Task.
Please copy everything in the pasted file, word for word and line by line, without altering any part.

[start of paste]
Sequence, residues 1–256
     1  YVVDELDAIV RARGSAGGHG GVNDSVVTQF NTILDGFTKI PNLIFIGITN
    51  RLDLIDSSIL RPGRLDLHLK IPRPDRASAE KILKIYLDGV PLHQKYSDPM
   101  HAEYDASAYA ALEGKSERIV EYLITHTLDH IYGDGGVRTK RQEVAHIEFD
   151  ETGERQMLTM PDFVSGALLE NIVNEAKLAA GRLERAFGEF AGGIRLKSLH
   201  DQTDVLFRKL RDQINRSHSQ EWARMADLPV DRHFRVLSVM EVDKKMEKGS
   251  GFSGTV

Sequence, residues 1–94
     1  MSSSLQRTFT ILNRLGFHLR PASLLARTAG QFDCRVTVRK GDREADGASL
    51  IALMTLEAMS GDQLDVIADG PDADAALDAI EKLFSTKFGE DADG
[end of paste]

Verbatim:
Sequence, residues 1–256
     1  YVVDELDAIV RARGSAGGHG GVNDSVVTQF NTILDGFTKI PNLIFIGITN
    51  RLDLIDSSIL RPGRLDLHLK IPRPDRASAE KILKIYLDGV PLHQKYSDPM
   101  HAEYDASAYA ALEGKSERIV EYLITHTLDH IYGDGGVRTK RQEVAHIEFD
   151  ETGERQMLTM PDFVSGALLE NIVNEAKLAA GRLERAFGEF AGGIRLKSLH
   201  DQTDVLFRKL RDQINRSHSQ EWARMADLPV DRHFRVLSVM EVDKKMEKGS
   251  GFSGTV

Sequence, residues 1–94
     1  MSSSLQRTFT ILNRLGFHLR PASLLARTAG QFDCRVTVRK GDREADGASL
    51  IALMTLEAMS GDQLDVIADG PDADAALDAI EKLFSTKFGE DADG